November 11, 2010 – January 29, 2011
Gary Snyder Project Space is pleased to announce Sven Lukin: Paintings, 1960–1971, an exhibition of paintings and drawings at 250 West 26th Street. Opening on November 11, 2010, the exhibition is the first, most comprehensive presentation of Lukin’s work in almost forty years. Eleven of the artist’s famed “three-dimensional paintings” will be on view, as well as a selection of preparatory drawings, many of which were featured in Lawrence Alloway’s landmark exhibition The Shaped Canvas (1965, Solomon R. Guggenheim Museum). A 104 page monograph — Lukin’s first — will accompany the exhibition, with contributions from Lawrence Alloway, Elizabeth C. Baker, Jeanne Siegel, and Frances Colpitt.
The exhibition and its accompanying publication offer a retrospective view of the artist’s work during the 1960s — from the dissolving geometries of early paintings such as Malleus Maleficarum (1960) to the artist’s groundbreaking experiments in “shaped canvas.” Works in the exhibition such as Lemon Peel (1962), San Diego (1966), and Pink Buttress (1969), illustrate Lukin’s progressive movement out from two-dimensional space and into the realm of architecture. Unlike his peers Richard Smith, Frank Stella, and Neil Williams, Lukin was not satisfied with merely changing the shape of his stretchers. He wanted his paintings to exist in real space, to attack and confront it.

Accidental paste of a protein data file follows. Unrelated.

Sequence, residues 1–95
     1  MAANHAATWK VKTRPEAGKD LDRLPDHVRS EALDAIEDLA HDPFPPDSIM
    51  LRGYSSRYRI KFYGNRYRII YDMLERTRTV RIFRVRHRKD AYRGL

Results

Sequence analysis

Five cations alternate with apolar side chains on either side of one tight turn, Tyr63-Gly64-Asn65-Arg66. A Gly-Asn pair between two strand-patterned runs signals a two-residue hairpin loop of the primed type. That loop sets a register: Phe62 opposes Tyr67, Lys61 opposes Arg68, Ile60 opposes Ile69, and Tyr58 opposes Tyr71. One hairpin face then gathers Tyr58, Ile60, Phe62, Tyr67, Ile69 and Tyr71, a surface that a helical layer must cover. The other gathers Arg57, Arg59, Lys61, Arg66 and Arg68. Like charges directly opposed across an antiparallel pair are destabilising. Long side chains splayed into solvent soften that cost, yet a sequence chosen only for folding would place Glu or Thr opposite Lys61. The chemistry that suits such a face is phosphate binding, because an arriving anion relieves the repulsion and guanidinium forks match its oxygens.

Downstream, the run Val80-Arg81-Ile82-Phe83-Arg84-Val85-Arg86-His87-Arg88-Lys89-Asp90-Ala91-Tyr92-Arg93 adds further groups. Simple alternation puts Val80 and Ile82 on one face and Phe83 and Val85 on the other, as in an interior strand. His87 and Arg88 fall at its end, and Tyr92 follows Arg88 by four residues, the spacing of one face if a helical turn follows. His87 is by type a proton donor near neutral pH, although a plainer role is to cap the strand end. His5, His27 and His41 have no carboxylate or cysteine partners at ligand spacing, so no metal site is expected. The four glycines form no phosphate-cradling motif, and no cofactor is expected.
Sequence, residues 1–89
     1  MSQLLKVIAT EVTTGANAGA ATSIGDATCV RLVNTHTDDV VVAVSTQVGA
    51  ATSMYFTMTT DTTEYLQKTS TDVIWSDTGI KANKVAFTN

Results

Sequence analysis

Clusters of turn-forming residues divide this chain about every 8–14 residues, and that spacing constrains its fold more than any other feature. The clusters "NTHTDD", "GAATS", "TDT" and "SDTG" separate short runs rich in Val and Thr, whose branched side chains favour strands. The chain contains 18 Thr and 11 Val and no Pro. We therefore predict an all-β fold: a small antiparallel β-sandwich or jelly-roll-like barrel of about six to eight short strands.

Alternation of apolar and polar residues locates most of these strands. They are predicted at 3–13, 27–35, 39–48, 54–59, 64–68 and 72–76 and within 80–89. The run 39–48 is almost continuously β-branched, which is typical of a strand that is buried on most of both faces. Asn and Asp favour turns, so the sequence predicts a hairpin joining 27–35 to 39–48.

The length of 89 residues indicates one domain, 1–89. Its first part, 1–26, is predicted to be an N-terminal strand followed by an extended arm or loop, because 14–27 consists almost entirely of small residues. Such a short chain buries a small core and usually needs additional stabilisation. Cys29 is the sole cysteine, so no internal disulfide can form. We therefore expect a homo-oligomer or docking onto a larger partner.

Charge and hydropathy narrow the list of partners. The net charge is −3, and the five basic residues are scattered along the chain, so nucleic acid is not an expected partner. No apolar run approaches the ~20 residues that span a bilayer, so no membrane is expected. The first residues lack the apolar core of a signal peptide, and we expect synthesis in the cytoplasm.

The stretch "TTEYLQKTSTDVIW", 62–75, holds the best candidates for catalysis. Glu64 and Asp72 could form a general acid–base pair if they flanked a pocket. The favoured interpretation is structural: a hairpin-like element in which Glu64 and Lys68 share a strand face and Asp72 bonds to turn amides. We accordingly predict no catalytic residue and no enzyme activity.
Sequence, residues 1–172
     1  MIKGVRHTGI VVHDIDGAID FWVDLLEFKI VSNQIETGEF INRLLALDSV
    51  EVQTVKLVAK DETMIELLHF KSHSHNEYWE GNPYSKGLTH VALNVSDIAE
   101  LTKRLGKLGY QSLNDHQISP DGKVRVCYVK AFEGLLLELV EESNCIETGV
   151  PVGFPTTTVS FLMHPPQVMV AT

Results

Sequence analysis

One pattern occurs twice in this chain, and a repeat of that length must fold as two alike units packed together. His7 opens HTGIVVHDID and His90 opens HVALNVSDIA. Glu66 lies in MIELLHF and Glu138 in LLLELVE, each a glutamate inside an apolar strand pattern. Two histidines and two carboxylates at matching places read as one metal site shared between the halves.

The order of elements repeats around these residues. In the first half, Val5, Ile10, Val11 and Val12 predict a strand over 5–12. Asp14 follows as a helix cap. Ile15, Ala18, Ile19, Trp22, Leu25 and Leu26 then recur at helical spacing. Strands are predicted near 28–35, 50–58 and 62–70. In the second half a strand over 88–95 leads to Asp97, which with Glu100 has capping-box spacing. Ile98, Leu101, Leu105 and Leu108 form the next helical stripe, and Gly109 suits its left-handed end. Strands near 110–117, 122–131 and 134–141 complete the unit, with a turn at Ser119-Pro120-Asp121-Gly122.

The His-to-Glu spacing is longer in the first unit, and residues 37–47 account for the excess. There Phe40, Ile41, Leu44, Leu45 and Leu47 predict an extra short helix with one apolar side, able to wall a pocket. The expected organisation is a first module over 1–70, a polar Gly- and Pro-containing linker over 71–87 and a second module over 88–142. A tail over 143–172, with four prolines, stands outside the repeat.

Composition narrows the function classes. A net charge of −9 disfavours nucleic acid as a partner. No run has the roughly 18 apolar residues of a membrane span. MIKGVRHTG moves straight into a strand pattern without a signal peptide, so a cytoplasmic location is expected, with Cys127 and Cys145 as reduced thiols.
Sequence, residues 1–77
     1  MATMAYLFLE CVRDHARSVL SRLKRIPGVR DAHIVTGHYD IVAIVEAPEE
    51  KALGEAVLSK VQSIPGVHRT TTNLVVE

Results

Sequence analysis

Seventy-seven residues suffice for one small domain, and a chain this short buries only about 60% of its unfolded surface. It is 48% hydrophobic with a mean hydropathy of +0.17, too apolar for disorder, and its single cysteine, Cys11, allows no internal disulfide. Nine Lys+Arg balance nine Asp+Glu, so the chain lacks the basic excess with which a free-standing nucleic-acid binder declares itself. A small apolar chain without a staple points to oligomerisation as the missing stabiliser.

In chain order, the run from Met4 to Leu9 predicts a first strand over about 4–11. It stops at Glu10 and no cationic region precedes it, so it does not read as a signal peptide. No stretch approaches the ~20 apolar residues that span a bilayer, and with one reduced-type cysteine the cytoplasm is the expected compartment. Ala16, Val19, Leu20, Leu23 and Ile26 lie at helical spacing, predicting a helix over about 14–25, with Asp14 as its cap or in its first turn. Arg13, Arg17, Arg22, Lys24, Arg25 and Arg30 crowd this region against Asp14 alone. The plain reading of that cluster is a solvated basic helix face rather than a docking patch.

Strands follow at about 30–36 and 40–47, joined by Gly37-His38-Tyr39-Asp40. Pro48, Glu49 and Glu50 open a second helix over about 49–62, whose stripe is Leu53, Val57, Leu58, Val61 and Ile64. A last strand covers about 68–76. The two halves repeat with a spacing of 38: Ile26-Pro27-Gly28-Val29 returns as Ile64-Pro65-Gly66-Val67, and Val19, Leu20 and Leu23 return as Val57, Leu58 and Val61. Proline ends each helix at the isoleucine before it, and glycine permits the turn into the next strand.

Born in Riga, Latvia in 1934, Sven Lukin immigrated to the United States in 1949. After graduating high school in 1953, Lukin was accepted into The University of Pennsylvania, School of Architecture. While enrolled, he attended lectures by the influential architect and urban designer Louis I. Kahn. Although Lukin left the program in 1956, Kahn’s ideas had a profound impact on the young artist. Kahn’s celebration of monumental scale, unadorned surfaces, and volumetric forms was a source of endless fascination for Lukin—one that continues to this day.
In 1958, Lukin moved to New York to pursue his career as a painter. During the 1960s, he had solo-exhibitions at many of New York’s most influential and prestigious galleries, including: Betty Parsons Gallery (1961), Martha Jackson Gallery (1962), and The Pace Gallery (1963, 1964, 1966, and 1968). During this period, his work also figured prominently in many landmark museum exhibitions, such as The Quest and the Quarry (1961, Rome-New York Art Foundation, Inc.), Vormen van de Kleur (1964, Stedelijk Museum), Color, Image, and Form (1967, The Detroit Institute of Arts), Painting: Out from the Wall (1968, Des Moines Art Center), and L’Art Vivant aux Etats-Unis (1970, Fondation Maeght), among others. In 1972, at the height of his success, Lukin shocked the art world by dissolving his relationship with The Pace Gallery and refusing to display his work in a commercial setting. His paintings were not seen again publicly until 1978, when the Los Angeles County Museum of Art mounted a solo-exhibition of his work.
Lukin’s work is featured in the collections of major museums around the country, including: the Albright-Knox Art Gallery, the Los Angeles County Museum of Art, the Museum of Modern Art, and the Whitney Museum of American Art.